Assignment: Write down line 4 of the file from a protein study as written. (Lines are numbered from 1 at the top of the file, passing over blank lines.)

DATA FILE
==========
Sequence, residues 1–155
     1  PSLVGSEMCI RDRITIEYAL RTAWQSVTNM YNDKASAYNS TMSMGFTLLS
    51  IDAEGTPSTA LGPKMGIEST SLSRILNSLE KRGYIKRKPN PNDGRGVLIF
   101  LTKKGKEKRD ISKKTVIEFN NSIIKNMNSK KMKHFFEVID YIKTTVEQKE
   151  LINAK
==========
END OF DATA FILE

   101  LTKKGKEKRD ISKKTVIEFN NSIIKNMNSK KMKHFFEVID YIKTTVEQKE